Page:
Scouring the journal of Mama Mills for clues to the weapon that can defeat Moloch, Ichabod eventually identifies it as the Sword of Methuselah; the famously long-lived biblical figure was apparently also a demon-slaying badass whose divine blade could kill absolutely anything. After deciphering a treasure map based around Benjamin Franklin’s famous Join Or Die political cartoon and solving various riddles, he and Abbie locate the chamber housing the mighty weapon, which is guarded by a gorgon. Yes, really. Quite what a creature from Greek mythology is doing in the modern-day United States as test-of-might guardian to the weapon of a figure from biblical prehistory is anyone’s guess, and a somewhat incongruous mystery swiftly skipped over by simply not addressing it. Because fuck you, that’s why!
The episode’s theme of self-identity is driven by the Delphic aphorism “know thyself” (sometimes invoked as “gnothi seauton” or “temet nosce” by people who want to make themselves sound more intellectual), and how it directly relates to our two heroes. As Ichabod’s path was largely shaped by the influence of others (as indicated by some faintly homoerotic flashbacks detailing Ichabod and Abraham’s life prior to becoming enemies where Ichabod was convinced to come to the New World by his former friend) he is torn over whether he is truly his own man or merely the product of what other people desired for him. There is also the unspoken issue of his conflict over whether his ultimate goal is to stop Moloch or to save Katrina, and if forced to make a decision between the two it’s unlikely even he knows which he will choose. Abbie, meanwhile, despite being involved in the supernatural war for a considerably shorter length of time is far surer of her place in it, acknowledging that both the witchcraft legacy of her ancestors and the demon-haunted madness of her mother and sister are a part of who she is, and thus her role as a Witness in preventing the apocalypse is more than her responsibility, it’s her destiny.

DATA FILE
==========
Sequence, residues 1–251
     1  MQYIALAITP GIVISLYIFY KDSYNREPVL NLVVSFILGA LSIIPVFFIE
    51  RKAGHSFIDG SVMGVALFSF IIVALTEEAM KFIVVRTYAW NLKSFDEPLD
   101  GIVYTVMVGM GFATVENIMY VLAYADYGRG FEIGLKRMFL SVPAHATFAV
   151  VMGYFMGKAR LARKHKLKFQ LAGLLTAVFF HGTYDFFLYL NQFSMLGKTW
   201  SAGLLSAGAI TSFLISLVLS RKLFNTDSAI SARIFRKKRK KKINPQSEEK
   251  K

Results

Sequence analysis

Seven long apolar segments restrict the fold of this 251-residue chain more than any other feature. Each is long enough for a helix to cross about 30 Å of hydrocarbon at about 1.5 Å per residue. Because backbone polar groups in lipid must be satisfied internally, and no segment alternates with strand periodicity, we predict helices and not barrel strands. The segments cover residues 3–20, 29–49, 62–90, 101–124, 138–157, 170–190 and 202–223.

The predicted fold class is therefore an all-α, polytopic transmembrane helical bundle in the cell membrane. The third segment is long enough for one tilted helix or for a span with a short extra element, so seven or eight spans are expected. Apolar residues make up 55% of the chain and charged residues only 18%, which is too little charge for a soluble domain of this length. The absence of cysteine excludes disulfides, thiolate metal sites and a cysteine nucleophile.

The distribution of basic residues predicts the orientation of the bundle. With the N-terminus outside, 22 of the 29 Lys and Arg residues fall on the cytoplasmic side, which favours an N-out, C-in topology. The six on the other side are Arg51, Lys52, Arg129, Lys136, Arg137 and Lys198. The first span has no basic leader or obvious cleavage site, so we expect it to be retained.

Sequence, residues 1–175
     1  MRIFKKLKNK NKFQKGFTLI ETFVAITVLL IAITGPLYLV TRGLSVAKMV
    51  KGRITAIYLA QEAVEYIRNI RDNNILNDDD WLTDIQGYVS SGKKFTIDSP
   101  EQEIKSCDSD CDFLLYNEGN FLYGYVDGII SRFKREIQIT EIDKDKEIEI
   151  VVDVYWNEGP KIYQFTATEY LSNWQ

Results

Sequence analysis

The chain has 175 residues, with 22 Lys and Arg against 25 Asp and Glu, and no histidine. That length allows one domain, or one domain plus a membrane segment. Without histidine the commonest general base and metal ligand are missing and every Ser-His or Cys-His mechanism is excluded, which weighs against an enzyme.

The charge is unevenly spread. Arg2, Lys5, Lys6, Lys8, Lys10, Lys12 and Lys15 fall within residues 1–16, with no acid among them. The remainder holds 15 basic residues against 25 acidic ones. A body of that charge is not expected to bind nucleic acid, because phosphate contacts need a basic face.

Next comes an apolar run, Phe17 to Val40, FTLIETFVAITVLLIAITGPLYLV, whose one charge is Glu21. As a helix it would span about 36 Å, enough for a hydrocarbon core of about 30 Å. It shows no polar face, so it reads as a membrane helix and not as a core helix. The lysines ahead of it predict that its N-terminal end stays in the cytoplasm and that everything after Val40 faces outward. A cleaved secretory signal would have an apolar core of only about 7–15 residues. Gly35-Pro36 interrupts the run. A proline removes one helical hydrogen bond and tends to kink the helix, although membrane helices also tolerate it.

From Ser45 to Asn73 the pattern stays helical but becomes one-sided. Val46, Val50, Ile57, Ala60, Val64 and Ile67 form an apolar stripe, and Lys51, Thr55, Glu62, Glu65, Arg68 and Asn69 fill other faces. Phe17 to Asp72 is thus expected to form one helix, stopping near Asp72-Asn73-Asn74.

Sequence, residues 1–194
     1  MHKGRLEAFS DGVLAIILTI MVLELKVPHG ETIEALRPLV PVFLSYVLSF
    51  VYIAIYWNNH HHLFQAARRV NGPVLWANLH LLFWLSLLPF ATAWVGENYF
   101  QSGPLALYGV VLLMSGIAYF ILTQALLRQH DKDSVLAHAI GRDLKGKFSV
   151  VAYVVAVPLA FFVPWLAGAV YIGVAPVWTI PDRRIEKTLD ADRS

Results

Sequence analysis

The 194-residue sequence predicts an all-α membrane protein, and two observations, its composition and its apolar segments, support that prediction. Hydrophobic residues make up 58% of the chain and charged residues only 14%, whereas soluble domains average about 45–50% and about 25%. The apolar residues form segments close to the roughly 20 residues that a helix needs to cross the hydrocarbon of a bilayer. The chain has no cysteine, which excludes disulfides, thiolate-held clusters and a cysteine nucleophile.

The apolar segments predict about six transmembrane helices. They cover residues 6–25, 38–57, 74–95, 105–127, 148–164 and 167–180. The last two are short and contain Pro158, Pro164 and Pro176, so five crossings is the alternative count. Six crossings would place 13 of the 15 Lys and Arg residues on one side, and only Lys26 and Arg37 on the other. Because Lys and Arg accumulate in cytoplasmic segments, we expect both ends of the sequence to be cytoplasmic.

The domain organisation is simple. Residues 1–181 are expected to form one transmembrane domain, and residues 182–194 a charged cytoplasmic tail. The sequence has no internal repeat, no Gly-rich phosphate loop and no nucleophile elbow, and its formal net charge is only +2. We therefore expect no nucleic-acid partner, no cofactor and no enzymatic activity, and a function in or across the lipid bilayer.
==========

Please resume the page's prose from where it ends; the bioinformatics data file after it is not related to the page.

The theme also extends to the villain camp. Abraham fully embraces his status both as the Horseman of Death and a servant of Moloch, the glowing hellfire eyes of
Binky the pale horse practically a manifestation of his rage. Incensed over the life he believes Ichabod stole from him, the pair’s battle in the gorgon’s cave gives rise to all they now hate about each other, the vitriolic accusations interspersing the subterranean combat, as due to the vastly differing styles any crossing of blades between a swordsman and an axeman can’t ever last very long. “I was supposed to be the hero in this story,” Abraham growls, “not the villain.”
The demon child has been growing so fast he has now assumed Moloch’s full purgatorial demon lord form before anyone has even had a chance to start calling him Damien, and the scene is now set for a confrontation not everyone will walk away from (although we still appear to be a couple of Horsemen short). Bringing things to a head for an apocalyptic blowout while gleefully taking inspiration from such films as The Goonies, Clash of the Titans, Indiana Jones and the Last Crusade and Excalibur, Magnum Opus is an amalgamation of the episodic saga that the series should have properly become long before now and the utterly-straight-yet-completely-bonkers tone that made it so popular in the first place. It feels like Sleepy Hollow is finally finding some traction in what it wants to be.
SHARE YOUR COMMENTS BELOW OR ON TWITTER @STARBURST_MAG
Find your local STARBURST stockist HERE, or buy direct from us HERE. For our digital edition (available to read on your iOS, Android, Amazon, Windows 8, Samsung and/or Huawei device - all for just £1.99), visit MAGZTER DIGITAL NEWSSTAND.
CLICK TO BUY!
MORE FROM AROUND THE WEB: